7. Berger, J.P., T.E. Akiyama, and P.T. Meinke, PPARs: therapeutic PPARGs for metabolic disease. Trends Pharmacol Sci, 2005. 26(5): p. 244-51.
8. Berger J, Leibowitz MD, Doebber TW, Elbrecht A, Zhang B, Zhou G, Biswas C, Cullinan CA, Hayes NS, Li Y, Tanen M, Ventre J, Wu MS, Berger GD, Mosley R, Marquis R, Santini C, Sahoo SP, Tolman RL, Smith RG, Moller DE. Novel peroxisome proliferator-activated receptor (PPAR) gamma and PPARdelta ligands produce distinct biological effects. J Biol Chem. 1999 Mar 5;274(10):6718-25.
9. Berger JP, Petro AE, Macnaul KL, Kelly LJ, Zhang BB, Richards K, Elbrecht A, Johnson BA, Zhou G, Doebber TW, Biswas C, Parikh M, Sharma N, Tanen MR, Thompson GM, Ventre J, Adams AD, Mosley R, Surwit RS, Moller DE.Distinct properties and advantages of a novel peroxisome proliferator-activated protein [gamma] selective modulator. Mol Endocrinol. 2003 Apr;17(4):662-76.
10. Minoura H, Takeshita S, Ita M, Hirosumi J, Mabuchi M, Kawamura I, Nakajima S, Nakayama O, Kayakiri H, Oku T, Ohkubo-Suzuki A, Fukagawa M, Kojo H, Hanioka K, Yamasaki N, Imoto T, Kobayashi Y, Mutoh S.
Eur J Pharmacol. 2004 Jun 28;494(2-3):273-81. Pharmacological characteristics of a novel nonthiazolidinedione insulin sensitizer, FK614.
11. Vidovic D, Busby SA, Griffin PR, Schurer SC. A combined ligand- and structure-based virtual screening protocol identifies subuM PPARg partial agonists. ChemMedChem. 2011 Jan 3;6(1):94-103.
12. Choi JH, Banks AS, Estall JL, Kajimura S, Bostrom P, Laznik D, Ruas JL, Chalmers MJ, Kamenecka TM, Bluher M, Griffin PR, Spiegelman BM. Anti-diabetic drugs inhibit obesity-linked phosphorylation of PPARgamma by Cdk5. Nature. 2010 Jul 22;466(7305):451-6.
adipogenesis, adipocyte, fat, lipid, 3T3, 3T3-L1, probe, differentiation, QPCR, RTPCR, SYBR green, SYBR, RNA, polymerase chain reaction, PCR, cDNA, mRNA, counterscreen, PPARG, Late stage, late stage AID, powders, purchased, synthesized, PPAR gamma, PPARg, PPARG1, PPARG2, PPAR, peroxisome proliferator-activated receptor gamma, partial agonist, agonist, non-agonist, ligand, inhibit, assay provider, CBI, center based initiative, center-based, biochemical, selective, nuclear receptor, tumor, cancer, dose response, triplicate, Scripps Florida, The Scripps Research Institute Molecular Screening Center, SRIMSC, Molecular Libraries Probe Production Centers Network, MLPCN.
The purpose of this assay is to determine whether powder samples of a compound identified as a novel PPARG ligand and non-agonist probe candidate (ML244) modulates the expression of CD36 gene involved in the differentiation of adipocytes. The probe should not be active in this assay. This assay employs the differentiated mouse 3T3-L1 cell line. The compound was tested at 10 uM.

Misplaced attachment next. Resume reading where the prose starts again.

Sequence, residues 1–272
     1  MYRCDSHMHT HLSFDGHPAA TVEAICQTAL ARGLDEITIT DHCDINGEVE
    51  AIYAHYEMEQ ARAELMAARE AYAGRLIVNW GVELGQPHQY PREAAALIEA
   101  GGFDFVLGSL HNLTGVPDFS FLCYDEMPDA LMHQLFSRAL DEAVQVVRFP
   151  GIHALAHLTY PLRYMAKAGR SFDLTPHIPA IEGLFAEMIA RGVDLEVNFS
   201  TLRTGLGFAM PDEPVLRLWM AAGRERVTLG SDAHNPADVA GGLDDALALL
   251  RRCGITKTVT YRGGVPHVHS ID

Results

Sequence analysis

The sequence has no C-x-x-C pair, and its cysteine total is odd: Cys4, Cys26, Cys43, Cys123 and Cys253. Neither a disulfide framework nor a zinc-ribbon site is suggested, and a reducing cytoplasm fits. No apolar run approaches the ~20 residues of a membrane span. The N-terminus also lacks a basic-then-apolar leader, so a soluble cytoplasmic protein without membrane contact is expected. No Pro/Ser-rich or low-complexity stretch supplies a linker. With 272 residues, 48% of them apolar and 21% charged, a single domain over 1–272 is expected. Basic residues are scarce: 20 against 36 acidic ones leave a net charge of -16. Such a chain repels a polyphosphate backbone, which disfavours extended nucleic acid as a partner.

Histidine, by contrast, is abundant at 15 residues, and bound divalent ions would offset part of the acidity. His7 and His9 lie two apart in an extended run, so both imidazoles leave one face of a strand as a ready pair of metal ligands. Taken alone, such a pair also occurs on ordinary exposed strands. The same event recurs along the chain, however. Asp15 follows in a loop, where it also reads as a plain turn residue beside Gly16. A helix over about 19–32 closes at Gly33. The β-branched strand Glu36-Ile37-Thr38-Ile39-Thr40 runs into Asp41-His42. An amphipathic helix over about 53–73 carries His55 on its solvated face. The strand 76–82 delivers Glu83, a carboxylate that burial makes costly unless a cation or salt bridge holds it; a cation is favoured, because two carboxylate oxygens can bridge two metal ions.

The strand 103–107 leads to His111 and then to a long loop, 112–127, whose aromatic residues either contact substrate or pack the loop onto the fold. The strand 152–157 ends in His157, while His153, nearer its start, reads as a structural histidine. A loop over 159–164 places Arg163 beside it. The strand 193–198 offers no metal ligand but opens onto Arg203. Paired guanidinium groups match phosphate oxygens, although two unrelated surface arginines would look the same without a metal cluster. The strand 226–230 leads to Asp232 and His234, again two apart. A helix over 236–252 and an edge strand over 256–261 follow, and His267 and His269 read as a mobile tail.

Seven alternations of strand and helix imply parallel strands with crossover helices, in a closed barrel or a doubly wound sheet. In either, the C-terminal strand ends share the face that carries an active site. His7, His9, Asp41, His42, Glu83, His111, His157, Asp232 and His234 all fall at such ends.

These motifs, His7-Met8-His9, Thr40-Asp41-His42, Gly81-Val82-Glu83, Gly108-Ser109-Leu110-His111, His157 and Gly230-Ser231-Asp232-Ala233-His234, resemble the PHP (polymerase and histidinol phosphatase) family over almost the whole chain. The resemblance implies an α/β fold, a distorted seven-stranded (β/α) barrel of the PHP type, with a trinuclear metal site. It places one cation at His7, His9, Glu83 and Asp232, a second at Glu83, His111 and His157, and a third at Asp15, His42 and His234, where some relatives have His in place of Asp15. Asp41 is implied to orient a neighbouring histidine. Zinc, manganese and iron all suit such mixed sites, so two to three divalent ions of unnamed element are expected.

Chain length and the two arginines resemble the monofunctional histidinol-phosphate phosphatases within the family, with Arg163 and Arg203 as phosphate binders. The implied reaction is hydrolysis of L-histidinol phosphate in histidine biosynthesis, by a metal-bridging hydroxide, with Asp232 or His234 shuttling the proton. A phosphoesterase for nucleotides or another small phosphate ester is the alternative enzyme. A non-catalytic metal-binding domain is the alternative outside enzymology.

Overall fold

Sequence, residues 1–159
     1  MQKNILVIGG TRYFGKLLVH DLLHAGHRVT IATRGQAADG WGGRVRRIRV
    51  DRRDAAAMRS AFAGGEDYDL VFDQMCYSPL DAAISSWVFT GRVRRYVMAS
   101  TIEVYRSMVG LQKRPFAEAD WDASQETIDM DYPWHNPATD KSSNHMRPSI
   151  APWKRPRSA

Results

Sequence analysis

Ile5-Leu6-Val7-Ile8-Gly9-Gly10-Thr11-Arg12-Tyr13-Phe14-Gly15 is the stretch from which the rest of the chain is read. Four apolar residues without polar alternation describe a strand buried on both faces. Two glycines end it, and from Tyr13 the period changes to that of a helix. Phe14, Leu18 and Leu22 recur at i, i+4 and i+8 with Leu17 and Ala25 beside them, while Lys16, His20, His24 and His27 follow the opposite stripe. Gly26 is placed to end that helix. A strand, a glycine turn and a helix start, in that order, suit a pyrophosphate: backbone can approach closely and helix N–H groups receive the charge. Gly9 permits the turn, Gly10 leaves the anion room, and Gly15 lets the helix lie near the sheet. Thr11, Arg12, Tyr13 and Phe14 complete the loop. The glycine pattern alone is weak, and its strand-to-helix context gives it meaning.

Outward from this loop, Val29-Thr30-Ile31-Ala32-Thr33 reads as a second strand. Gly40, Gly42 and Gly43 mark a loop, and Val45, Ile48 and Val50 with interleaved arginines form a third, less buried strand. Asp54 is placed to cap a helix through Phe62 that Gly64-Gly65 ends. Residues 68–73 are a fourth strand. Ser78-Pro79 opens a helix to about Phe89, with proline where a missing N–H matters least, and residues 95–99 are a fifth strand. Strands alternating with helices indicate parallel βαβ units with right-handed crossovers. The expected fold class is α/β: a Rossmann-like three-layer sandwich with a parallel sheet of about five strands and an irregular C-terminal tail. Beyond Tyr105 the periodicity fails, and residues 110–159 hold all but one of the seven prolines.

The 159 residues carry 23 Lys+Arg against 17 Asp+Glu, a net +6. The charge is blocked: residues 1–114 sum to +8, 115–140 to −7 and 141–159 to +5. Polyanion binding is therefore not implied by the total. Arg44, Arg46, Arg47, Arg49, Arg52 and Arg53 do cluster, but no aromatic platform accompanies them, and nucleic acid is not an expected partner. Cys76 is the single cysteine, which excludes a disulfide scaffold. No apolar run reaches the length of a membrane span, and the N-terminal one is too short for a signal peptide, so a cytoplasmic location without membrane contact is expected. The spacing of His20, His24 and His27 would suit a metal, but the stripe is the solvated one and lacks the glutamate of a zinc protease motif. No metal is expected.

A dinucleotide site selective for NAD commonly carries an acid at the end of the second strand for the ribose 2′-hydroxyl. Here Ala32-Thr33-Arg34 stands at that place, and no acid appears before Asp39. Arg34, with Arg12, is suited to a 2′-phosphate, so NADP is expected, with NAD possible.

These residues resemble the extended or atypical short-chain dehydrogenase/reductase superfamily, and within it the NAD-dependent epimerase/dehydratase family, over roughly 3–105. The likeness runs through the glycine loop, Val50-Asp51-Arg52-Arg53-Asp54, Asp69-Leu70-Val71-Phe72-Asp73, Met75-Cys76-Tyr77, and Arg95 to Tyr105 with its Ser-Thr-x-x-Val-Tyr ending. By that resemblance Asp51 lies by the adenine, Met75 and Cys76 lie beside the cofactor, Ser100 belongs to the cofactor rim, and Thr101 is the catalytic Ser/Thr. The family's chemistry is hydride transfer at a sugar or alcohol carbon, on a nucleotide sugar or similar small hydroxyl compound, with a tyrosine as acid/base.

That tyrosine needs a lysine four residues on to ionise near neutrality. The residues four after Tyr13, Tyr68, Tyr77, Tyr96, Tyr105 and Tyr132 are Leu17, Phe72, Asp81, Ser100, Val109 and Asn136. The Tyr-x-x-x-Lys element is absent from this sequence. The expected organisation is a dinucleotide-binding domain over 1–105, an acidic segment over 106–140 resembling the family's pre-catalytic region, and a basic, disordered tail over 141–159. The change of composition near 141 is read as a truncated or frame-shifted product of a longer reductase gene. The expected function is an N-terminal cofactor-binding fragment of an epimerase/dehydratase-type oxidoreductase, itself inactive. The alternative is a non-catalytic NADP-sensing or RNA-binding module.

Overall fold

3T3-L1 cells were cultured in Alpha-MEM supplemented with 10% FBS, 1% penicillin-streptomycin, 200 uM ascorbic acid and 10 mM-glycerophosphate. The cells were treated with either Rosiglitazone (10 uM) or SR1664 (10 uM) or left in vehicle at the start of differentiation. The cells were harvested 7 days post-differentiation for gene expression analysis and 21 days post-differentiation for mineralization. The mineralization of MC3T3-E1 cells was determined by Alizarin red S staining (Millipore ECM815) as per manufacturer's instructions. Total RNA was isolated from cells using Trizol reagents. The RNA was reverse-transcribed using the ABI reverse transcription kit. Quantitative PCR reactions were performed with SYBR green fluorescent dye using an ABI9300 PCR machine. Relative mRNA expression was determined by the delta-delta-Ct method. The gene expression was normalized to GAPDH and compared to levels in cells treated with DMSO (mRNA level set as 1.0).
PubChem Activity Outcome and Score:
Compounds that modified (increased or decreased) gene expression by 200% or greater (ie, induced a 2X-fold change in expression) compared to the DMSO levels (set at 1.0) were active in this assay. Compounds that modified (increased or decreased) gene expression to levels less than 200% of the DMSO level (set as 1.0) were active in this assay. The probe was inactive.
The PubChem Activity Score is assigned a value of 100 for probe compounds, 50 for actives and 0 for inactives.
The PubChem Activity Score range for inactive compounds is 0-0. There are no active compounds.
List of Reagents:
Differentiated 3T3-L1 cells; Trizol Reagent (Invitrogen)
ABI Reverse Transcription Kit; SYBR Green dye (ABI)
PCR primers were ordered as appropriate. The primer pair sequences for CD36 gene target is indicated below:
This assay was run by the assay provider. This assay may have been run as two or more separate campaigns, each campaign testing a unique set of compounds. Possible artifacts of this assay can include, but are not limited to cytotoxic compounds and compounds that modulate protein synthesis or processing. All test compound concentrations reported above and below are nominal; the specific test concentration(s) for a particular compound may vary based upon the actual sample provided.
** Test Concentration.
Data Table (Concise)